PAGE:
The statutory instrument we’ve been waiting for to start setting up the new Health Research Authority (HRA) has been tabled today. Department of health press release here. I haven’t had time for a proper look yet to see what it looks like… This is the first step in creating the HRA. Establishing it as a special health authority to give a home to the National Research Ethics Service, with a plan to establish the authority in primary legislation before moving further research regulation functions – possibly from the Human Tissue Authority and Human Fertilisation and Embryology Authority – into the regulator.
The Academy of Medical Sciences reviewed the regulation of health research in the UK and recommended how this could be improved. Their recommendations included establishing a single regulator of health research. In the Plan for Growth published by the government alongside the 2011 budget, the government committed to setting this up as the Health Research Authority (HRA).
They have said that they plan to set this up as a special health authority in the first instance, introducing primary legislation in the next parliamentary session to make it an official independent body.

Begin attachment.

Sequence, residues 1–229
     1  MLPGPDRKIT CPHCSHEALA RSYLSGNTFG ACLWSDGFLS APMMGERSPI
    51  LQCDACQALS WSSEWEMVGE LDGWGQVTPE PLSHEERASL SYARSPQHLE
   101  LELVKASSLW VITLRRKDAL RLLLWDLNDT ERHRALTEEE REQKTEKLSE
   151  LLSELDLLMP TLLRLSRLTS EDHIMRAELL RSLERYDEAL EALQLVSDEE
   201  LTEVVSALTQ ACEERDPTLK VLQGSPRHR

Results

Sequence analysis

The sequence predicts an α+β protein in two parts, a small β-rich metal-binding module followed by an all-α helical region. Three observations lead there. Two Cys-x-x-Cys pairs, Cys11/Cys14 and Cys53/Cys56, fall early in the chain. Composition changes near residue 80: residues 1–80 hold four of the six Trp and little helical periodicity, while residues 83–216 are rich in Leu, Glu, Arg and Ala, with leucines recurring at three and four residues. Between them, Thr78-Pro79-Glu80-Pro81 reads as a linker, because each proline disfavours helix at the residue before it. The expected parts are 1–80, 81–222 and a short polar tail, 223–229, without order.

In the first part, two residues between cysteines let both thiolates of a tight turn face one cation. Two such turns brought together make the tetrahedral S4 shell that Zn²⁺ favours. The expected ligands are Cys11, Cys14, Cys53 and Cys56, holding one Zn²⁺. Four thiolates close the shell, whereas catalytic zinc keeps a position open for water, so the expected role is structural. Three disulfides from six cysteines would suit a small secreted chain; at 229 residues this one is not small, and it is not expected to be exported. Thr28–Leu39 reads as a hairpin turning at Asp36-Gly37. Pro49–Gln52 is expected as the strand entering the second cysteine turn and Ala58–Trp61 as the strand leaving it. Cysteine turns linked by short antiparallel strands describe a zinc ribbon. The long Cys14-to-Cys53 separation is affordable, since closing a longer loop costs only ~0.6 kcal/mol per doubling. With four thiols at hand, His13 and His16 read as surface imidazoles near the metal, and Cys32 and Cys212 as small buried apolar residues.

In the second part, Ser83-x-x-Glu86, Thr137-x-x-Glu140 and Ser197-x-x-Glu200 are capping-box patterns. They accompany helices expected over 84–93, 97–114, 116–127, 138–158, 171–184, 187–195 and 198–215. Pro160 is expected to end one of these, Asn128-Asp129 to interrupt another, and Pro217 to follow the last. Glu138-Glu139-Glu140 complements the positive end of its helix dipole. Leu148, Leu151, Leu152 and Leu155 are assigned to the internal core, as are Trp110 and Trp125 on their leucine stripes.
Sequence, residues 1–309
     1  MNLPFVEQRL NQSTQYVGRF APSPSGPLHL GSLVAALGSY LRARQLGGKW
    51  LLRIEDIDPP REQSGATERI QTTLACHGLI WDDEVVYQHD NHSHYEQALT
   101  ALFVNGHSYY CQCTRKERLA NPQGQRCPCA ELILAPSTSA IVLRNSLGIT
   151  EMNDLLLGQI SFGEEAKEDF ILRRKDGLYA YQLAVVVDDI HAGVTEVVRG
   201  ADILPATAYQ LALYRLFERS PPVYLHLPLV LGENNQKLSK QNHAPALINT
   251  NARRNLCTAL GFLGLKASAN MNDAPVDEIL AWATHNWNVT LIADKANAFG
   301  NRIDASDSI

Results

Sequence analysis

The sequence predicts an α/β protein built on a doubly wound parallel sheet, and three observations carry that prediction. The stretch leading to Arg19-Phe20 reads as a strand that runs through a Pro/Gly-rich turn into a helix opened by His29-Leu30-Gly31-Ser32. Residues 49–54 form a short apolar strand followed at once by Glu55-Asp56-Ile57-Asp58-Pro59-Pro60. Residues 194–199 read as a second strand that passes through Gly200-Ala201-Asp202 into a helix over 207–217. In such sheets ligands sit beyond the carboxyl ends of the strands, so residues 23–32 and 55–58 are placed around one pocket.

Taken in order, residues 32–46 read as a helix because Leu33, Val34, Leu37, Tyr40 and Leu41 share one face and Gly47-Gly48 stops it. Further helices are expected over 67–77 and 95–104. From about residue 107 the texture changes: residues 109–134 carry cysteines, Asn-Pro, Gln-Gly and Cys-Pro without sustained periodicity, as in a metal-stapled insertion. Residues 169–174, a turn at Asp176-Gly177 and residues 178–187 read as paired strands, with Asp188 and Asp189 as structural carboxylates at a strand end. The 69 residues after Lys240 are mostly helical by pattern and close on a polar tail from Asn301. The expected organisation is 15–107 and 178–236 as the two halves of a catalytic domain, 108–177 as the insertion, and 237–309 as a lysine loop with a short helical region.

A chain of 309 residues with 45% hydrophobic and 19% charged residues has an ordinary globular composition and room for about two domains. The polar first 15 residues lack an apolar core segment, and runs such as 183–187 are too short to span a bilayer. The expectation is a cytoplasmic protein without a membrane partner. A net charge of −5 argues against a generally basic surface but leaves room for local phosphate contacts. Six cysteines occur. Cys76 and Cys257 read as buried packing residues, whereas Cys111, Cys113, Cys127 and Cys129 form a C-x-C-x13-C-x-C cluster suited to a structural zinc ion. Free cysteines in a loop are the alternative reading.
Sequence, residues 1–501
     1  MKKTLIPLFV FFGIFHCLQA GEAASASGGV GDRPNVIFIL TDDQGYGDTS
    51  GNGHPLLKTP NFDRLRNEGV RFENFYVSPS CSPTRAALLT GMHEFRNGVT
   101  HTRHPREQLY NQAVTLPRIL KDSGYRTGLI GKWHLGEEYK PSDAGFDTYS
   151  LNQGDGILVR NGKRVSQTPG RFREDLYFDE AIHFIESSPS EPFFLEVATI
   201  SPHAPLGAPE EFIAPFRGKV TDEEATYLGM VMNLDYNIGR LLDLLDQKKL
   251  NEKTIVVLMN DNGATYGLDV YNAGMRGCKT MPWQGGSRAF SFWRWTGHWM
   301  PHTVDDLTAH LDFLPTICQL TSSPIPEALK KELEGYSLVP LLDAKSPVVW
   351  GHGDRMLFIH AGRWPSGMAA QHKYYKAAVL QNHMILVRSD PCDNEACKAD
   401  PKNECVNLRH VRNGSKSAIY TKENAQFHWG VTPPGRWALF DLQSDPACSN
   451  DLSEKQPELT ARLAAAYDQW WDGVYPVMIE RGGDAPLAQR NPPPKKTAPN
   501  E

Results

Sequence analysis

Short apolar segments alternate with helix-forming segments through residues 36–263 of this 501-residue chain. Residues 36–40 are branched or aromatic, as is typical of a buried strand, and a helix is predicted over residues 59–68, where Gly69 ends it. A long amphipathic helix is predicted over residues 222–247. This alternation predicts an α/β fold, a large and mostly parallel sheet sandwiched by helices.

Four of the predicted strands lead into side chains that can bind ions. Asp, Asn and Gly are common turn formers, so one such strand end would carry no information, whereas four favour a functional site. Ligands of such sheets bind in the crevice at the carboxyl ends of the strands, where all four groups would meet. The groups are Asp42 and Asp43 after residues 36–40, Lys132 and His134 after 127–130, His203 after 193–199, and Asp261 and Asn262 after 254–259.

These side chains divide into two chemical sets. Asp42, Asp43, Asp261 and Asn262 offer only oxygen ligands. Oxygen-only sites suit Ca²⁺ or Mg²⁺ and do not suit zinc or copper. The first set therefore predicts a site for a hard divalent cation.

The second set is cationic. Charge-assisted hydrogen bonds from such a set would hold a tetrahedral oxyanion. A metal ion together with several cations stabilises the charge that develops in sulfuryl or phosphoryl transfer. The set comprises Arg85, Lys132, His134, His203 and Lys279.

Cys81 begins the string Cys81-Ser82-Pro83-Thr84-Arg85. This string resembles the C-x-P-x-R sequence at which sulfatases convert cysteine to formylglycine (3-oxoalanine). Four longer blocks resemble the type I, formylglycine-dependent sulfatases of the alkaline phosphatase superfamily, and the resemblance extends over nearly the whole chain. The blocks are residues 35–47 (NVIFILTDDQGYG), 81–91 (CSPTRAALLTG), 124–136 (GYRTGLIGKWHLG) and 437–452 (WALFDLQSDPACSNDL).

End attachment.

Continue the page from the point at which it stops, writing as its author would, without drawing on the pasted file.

The Academy’s report also recommended other measures to make the process of getting permission to do a research project easier, including streamlining the process of getting separate permissions from multiple NHS trusts.
We are waiting for the government to give us more detail on what the Health Research Authority is going to look like and their vision for how it will work. The Academy’s recommendations to improve the system are widely supported and we’re concerned that the new Health Research Authority can deliver these.
The statutory instrument published today will be able to establish the initial special health authority and should give us more of an idea of the government’s vision for how it will look.
The government has committed to consultations on whether the research regulatory functions of the HTA and HFEA will be moved into the regulator. These are expected later this year.
The statutory instrument is due to come into force on 1 December 2011. I think this is a negative statutory instrument so does not have to be debated by parliament. However, if parliamentarians choose to ‘pray’ against it – basically make a public objection to it being passed undebated – within the next 40 days, it will be debated by a committee (more on this procedure here).